Moreover, even if Beijing has been urging both sides to seek a diplomatic solution, coverage in the Chinese press – on this as on most other things – has been distinctly critical of the US. Certainly, there is no lack of suspicion about western intentions in China with officials attacking the West for its disinformation campaign involving all sorts of calumnies, from claiming that Beijing requested Moscow not to invade Ukraine while the Winter Olympics were still on, through to its various attempts ‘to drive a wedge between the two countries’. Such efforts it claimed not only amounted to ‘fake news’; their only consequence, officials pointed out, would be to push the two countries even closer together.

From the West’s perspective therefore the situation could not be more difficult. First, there remains an outside chance – perhaps a very real one – that Russia will take some kind of military action. Secondly, the crisis has also exposed differences within NATO both about Russia’s likely course of action (will it invade or not?) and how to respond to it (economic sanctions or military aid to Ukraine?) Moreover, in spite of all its tough talk, the US is clearly not keen to become engaged militarily. And to make matters even more complicated, the West and the United States together do not just confront Russia alone but a Russia locked into a significant relationship with China. Whether or not this reduces Putin’s military options remains to be seen. On the other hand, with China standing alongside it diplomatically – even while Xi continues to ‘hedge his bets’ – it has choices now it could only have dreamed of a few years ago.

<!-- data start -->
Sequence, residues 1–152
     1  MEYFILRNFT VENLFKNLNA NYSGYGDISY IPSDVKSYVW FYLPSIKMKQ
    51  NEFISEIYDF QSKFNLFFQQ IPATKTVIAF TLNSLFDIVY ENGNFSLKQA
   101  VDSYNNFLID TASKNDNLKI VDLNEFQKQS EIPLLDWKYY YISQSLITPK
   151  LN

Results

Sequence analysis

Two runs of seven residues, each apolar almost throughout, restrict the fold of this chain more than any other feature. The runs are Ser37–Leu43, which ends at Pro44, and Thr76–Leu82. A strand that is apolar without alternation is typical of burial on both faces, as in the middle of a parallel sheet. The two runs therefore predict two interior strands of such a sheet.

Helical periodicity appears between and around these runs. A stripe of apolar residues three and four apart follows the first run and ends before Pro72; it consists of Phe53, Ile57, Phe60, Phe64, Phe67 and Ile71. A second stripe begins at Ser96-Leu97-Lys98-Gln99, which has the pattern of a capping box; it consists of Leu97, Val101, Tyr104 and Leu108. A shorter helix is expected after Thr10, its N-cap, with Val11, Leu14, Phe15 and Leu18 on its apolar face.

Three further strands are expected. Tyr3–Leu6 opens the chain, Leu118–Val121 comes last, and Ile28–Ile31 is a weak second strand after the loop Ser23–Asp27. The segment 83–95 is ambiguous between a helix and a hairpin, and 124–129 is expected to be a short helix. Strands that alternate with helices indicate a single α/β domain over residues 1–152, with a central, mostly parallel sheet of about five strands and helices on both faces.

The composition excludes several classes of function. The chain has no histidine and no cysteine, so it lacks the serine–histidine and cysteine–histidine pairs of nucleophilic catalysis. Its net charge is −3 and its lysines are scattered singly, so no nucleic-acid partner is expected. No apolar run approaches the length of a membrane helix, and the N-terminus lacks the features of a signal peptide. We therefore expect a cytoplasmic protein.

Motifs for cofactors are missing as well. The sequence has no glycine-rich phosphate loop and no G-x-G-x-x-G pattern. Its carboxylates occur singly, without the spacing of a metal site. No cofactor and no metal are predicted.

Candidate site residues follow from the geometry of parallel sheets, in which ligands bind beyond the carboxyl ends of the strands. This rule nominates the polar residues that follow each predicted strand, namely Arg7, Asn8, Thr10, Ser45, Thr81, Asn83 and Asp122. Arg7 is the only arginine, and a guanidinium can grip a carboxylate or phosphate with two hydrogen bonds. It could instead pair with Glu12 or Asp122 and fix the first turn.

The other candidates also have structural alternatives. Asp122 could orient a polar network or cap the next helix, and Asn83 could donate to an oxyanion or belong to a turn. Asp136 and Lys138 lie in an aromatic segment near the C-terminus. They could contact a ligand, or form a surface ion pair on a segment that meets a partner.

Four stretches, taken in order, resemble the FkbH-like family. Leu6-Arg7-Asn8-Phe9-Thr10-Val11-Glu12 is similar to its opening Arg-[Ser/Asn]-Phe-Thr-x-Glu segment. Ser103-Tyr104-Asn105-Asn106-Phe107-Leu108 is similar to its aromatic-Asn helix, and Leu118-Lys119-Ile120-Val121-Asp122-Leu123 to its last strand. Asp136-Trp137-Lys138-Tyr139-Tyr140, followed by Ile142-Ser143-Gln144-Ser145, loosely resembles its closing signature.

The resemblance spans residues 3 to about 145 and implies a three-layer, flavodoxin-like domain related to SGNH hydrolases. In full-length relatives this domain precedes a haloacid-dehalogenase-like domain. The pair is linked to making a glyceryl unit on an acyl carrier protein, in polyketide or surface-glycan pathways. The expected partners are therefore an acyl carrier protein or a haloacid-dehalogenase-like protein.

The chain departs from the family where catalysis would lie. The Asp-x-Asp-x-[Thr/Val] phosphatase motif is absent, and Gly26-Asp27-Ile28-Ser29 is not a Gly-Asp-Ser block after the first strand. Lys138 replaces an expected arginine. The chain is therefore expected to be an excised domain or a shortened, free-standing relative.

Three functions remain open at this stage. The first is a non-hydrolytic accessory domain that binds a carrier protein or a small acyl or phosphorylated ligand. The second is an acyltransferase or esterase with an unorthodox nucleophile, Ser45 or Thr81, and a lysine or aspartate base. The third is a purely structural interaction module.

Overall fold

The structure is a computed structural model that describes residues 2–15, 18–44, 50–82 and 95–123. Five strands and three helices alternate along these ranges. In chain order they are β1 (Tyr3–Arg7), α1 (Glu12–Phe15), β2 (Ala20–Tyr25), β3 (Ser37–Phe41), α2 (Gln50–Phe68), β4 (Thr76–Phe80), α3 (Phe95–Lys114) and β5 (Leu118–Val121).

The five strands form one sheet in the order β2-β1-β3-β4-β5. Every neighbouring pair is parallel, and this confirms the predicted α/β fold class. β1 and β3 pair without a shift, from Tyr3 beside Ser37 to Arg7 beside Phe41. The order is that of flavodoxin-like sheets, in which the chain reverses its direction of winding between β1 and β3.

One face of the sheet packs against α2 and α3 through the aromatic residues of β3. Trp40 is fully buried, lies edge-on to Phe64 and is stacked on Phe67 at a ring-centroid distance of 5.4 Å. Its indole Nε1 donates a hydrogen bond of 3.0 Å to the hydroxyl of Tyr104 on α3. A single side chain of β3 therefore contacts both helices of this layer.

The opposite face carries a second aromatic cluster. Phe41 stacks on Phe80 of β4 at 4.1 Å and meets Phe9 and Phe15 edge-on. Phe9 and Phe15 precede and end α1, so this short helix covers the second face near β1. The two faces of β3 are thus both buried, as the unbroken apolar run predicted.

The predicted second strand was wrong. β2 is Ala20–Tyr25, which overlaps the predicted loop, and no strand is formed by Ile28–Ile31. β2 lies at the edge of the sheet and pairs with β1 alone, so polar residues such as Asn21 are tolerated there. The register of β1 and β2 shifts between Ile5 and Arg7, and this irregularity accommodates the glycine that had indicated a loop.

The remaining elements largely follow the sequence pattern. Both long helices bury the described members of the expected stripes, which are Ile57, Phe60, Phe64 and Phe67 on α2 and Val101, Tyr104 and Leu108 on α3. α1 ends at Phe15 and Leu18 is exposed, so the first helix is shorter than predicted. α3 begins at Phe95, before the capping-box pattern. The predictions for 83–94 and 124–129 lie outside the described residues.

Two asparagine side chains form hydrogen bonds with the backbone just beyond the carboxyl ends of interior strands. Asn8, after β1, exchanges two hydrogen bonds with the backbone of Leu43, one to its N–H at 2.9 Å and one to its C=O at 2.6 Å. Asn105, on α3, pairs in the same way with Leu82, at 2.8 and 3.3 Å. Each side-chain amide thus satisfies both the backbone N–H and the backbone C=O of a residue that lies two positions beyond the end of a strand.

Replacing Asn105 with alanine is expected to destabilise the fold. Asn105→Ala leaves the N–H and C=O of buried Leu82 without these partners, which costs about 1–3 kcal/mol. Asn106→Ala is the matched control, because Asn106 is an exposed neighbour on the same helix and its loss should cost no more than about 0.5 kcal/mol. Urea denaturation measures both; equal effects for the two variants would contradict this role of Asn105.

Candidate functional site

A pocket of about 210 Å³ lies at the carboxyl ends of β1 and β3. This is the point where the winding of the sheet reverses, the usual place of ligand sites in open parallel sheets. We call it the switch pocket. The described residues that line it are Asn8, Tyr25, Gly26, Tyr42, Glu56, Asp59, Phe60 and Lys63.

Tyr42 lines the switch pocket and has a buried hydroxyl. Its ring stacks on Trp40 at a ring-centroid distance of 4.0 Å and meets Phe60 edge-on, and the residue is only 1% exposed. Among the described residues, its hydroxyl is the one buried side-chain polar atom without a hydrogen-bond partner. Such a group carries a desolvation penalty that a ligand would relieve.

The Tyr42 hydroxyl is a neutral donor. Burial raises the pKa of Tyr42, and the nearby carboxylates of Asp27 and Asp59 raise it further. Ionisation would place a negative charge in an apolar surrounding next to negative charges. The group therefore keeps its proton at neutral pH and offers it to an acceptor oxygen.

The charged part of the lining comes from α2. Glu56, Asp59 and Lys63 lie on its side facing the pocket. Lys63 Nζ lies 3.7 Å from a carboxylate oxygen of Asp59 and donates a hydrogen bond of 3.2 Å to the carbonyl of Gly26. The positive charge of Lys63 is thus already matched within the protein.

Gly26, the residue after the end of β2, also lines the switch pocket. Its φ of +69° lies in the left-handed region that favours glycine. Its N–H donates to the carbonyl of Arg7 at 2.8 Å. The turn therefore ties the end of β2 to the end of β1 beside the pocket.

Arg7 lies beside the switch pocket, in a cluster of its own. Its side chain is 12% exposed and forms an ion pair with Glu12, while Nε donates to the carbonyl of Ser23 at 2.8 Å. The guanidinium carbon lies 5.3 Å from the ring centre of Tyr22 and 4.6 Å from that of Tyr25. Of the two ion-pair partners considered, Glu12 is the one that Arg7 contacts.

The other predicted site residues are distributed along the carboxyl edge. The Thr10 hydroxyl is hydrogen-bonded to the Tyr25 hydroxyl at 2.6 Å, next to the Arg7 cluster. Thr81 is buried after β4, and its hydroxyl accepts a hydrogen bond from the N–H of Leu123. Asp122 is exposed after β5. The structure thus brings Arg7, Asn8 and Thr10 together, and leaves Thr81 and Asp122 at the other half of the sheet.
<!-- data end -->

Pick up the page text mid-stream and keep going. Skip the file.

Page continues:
This article gives the views of the author, and not the position of the China Foresight Forum, LSE IDEAS, nor The London School of Economics and Political Science.

Vladimir Putin and Xi Jinping (2019-06-05) 45” by The Presidential Press and Information Office is licensed under CC BY 4.0.

The President of Russia arrived in China on a state visit. 02” by The Presidential Press and Information Office is licensed under CC BY 3.0.

Крым, Варламов, март 2014, 31” by Ilya Varlamov is licensed under CC BY-SA 4.0.

About the author

Michael Cox

Michael Cox is Founding Director of LSE IDEAS and Emeritus Professor in International Relations at LSE. Professor Cox was appointed to a Chair in International Relations at LSE in 2002. His latest book is "Agonies of Empire: American Power from Clinton to Biden" (2022). Other recent books include a new second edition of E.H Carr’s "The Twenty Years’ Crisis" (2016), a third edition of his best selling co-edited volume "US Foreign Policy" (2018), and a collection of his essays "The Post-Cold War World" (2019). He has recently published a new edition of J M Keynes’s, "The Economic Consequences of the Peace" (2019) and E. H. Carr’s 1945 classic, "Nationalism and After" (2021). His most recent book published in March 2022 is titled Agonies of Empire: American Power from Clinton to Biden published by Bristol University Press. He is currently completing a book for Polity Press called Comrades: Xi Jinping, Putin and the Challenge to Western Liberal Order.

Posted In: Security